DC Circuit Reinstates Blackwater Nisour Shooting Prosecution

On December 31, 2009 DC District Judge Ricardo Urbina dismissed the indictment against five Blackwater defendants involved in what is commonly referred to as the Nisour Square shootings occurring on September 16, 2007. Urbina’s decision was 90 pages in length and was further supported by a three week long Kastigar hearing in his court October of 2009. A Kastigar hearing is an evidentiary inquiry based upon Kastigar v. United States, 92 S. Ct. 1653 (1972), “where a party has been compelled to relinquish his Fifth Amendment right against self-incrimination in reliance on the government‘s promises of immunity, the government bears the―affirmative duty to prove that the evidence it proposes to use is derived from a legitimate source wholly independent of the compelled testimony.”

Today, in a surprising unanimous decision, the DC Circuit Court of Appeals overturned Urbina, reinstated the case against four of the five original defendants (the prosecution had voluntarily dismissed Defendant Slatten previously) and remanded the case back to District Court for further proceedings. Here is how Reuters described the ruling:

The five guards were charged with 14 counts of manslaughter, 20 counts of attempt to commit manslaughter and one weapons violation count over a Baghdad shooting that outraged Iraqis and strained ties between the two countries.

The shooting occurred as the private security firm’s guards escorted a heavily armed four-truck convoy of U.S. diplomats through the Iraqi capital on September 16, 2007. The guards, U.S. military veterans, were responding to a car bombing when gunfire erupted at a crowded intersection.

U.S. District Judge Ricardo Urbina ruled in December 2009 that prosecutors violated the defendants’ constitutional rights and the case was tainted by use of statement the guards made to State Department investigators under a threat of job loss.

The appeals court reversed that ruling that the indictment of the guards had been improperly obtained through the use of their compelled statements. It ruled Urbina wrongly interpreted the law.

The appeals court sent the case back to Urbina to determine what evidence, if any, the government presented had been tainted and whether it was harmless.

The public version of the decision is here however, there is also a sealed classified version containing additional material.

The first thing to consider here is the standard of review the Circuit Court used in analyzing the appeal, because there were intermixing of factual and legal findings inherent in the Kastigar process, the court reviewed for clear error:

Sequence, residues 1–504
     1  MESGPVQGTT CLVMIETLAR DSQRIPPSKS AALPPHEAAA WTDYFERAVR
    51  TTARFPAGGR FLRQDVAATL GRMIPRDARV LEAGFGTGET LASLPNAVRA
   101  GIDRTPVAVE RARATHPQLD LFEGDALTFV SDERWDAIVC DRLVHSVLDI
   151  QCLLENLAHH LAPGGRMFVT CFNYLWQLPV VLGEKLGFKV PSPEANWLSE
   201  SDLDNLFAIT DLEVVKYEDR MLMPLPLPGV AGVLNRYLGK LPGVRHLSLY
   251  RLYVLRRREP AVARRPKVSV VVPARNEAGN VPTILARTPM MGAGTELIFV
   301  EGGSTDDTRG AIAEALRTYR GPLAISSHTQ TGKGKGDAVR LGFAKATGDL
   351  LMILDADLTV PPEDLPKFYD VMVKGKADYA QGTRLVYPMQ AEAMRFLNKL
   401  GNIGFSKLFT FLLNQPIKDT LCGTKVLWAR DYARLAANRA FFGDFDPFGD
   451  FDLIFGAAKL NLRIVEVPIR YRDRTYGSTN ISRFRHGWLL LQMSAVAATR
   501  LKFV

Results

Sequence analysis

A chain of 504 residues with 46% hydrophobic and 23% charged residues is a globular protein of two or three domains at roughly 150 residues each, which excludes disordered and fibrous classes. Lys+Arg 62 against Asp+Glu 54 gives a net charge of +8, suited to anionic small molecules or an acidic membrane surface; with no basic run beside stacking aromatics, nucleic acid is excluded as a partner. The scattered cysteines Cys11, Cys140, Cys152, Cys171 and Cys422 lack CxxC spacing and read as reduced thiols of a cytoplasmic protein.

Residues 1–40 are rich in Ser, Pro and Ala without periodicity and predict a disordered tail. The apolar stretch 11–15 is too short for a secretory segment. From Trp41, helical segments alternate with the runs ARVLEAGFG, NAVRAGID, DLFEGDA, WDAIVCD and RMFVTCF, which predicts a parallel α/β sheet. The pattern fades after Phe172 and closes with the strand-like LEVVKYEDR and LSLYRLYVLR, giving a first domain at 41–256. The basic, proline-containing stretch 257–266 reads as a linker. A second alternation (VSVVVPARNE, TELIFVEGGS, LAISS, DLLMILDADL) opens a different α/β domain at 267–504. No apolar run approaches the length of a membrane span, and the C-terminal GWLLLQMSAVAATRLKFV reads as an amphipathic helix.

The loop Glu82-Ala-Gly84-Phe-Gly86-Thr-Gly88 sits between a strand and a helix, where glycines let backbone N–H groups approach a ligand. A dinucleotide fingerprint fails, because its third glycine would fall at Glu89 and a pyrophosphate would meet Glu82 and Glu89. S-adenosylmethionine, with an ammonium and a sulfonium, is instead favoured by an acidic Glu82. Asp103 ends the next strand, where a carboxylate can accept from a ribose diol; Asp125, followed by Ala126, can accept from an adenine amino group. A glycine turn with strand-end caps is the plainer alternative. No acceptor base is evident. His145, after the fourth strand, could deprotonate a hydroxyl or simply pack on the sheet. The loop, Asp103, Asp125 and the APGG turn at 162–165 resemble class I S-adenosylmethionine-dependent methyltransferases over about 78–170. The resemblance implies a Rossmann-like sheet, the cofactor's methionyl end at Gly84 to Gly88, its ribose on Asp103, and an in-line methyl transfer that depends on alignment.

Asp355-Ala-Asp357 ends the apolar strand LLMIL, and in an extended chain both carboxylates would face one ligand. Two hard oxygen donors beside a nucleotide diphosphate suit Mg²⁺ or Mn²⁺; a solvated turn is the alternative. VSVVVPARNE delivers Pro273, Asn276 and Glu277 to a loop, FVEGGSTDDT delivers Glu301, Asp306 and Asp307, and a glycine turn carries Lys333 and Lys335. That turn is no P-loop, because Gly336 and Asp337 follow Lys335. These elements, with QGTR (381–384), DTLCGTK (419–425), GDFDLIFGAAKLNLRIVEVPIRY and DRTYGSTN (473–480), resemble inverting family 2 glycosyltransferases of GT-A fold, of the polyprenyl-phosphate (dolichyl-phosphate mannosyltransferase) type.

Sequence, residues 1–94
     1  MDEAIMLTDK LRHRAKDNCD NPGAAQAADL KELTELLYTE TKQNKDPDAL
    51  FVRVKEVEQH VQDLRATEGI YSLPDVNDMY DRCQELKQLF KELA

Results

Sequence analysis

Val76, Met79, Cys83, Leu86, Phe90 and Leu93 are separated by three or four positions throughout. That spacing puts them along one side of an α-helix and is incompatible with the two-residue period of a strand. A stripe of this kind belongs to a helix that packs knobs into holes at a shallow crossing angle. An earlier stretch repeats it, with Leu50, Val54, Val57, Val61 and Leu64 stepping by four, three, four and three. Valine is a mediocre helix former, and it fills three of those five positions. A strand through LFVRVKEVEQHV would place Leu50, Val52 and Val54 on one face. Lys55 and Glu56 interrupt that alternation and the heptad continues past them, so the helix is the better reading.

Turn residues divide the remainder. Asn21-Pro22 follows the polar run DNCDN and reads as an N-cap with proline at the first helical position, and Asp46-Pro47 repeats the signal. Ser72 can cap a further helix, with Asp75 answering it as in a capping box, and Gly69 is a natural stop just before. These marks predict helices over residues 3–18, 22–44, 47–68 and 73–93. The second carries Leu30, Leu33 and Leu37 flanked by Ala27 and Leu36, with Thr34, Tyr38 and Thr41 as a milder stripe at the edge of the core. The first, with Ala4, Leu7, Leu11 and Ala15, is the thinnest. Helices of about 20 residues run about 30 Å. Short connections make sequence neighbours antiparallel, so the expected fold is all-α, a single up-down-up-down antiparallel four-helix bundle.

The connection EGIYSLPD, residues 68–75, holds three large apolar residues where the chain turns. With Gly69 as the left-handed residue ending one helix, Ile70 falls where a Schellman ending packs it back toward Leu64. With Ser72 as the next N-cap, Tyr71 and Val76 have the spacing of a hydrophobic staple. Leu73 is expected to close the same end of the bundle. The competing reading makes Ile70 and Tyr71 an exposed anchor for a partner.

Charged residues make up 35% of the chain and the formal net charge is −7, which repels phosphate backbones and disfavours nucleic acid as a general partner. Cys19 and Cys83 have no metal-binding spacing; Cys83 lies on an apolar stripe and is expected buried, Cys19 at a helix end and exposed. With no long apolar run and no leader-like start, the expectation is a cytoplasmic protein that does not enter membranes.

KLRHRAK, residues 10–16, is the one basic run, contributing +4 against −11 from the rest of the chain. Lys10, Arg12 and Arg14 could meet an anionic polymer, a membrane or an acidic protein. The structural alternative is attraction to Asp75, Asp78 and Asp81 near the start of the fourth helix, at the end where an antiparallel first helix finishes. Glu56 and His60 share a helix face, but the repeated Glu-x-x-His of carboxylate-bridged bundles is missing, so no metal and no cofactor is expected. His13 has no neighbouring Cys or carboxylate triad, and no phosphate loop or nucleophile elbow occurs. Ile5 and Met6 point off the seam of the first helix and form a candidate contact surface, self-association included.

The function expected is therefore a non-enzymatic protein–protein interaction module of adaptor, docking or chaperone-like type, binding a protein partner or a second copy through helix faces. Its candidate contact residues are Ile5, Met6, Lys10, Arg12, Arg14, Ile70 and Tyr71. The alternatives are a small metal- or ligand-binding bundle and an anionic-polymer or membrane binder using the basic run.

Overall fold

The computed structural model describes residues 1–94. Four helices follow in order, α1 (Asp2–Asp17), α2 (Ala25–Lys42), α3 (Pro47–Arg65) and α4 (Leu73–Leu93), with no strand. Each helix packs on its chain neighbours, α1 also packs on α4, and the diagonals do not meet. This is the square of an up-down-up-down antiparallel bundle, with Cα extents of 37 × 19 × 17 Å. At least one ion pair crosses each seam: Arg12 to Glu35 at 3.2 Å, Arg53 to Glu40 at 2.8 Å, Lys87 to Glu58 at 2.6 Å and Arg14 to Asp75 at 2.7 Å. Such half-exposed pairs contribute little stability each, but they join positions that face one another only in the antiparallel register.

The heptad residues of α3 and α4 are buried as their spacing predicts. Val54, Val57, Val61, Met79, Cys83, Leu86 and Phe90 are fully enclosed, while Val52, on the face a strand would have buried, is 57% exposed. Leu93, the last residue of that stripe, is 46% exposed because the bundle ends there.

We review the district court’s findings that the government used a defendant’s immunized statement for clear error, United States v. North, 910 F.2d 843, 855 (D.C. Cir. 1990) (“North I”), a standard that is met for any finding that was “induced by an erroneous view of the law,”

In a nutshell, what that means is that the appellate court had to give strong deference to the findings by the trial court. In spite of this deference still unanimously blew Judge Urbina’s findings straight out of the water. Honestly, the abuse of the Garrity letter admissions by the government was serious, and I thought there was close to no chance Urbina’s decision would be reversed. Boy was I wrong.

The circuit Court did not disagree with Urbina as to the controlling authority determinative of the case, so much as take issue with how far in examining individual items of evidence, for each individual defendant, on a piece by piece basis, Urbina went. They Circuit court did not think Urbina went far enough:

In building a case against a defendant who received use immunity for his statements, the government must prove, by a preponderance of the evidence, that “all of the evidence it proposes to use was derived from legitimate independent sources.” North I, 910 F.2d at 854 (quoting Kastigar, 406 U.S. at 461-62, internal quotations omitted). As the district court observed, proof that a witness was “never exposed to immunized testimony” or that the investigators memorialized (or “canned”) a witness’s testimony before exposure, Slough, 677 F. Supp. 2d at 132 (citing North I, 910 F.2d at 872), would obviously satisfy the requirement. But a failure by the government to make either showing does not end the district court’s inquiry. North I requires the court to parse the evidence “witness-by-witness” and “if necessary, . . . line-by- line and item-by-item,” 910 F.2d at 872, and to “separate the wheat of the witnesses’ unspoiled memory from the chaff of [the] immunized testimony,” id. at 862. This sifting is particularly important in cases where, as here, a witness was exposed to a defendant’s immunized statement but testifies to facts not included in that statement.

….

First, the district court erred by treating evidence, including the testimony of Frost, Murphy, Ridgeway and the Iraqi witnesses, and the Frost journal, as single lumps and excluding them in their entirety when at the most only some portion of the content was tainted—it made no effort to decide what parts of the testimony or the journal were free of taint.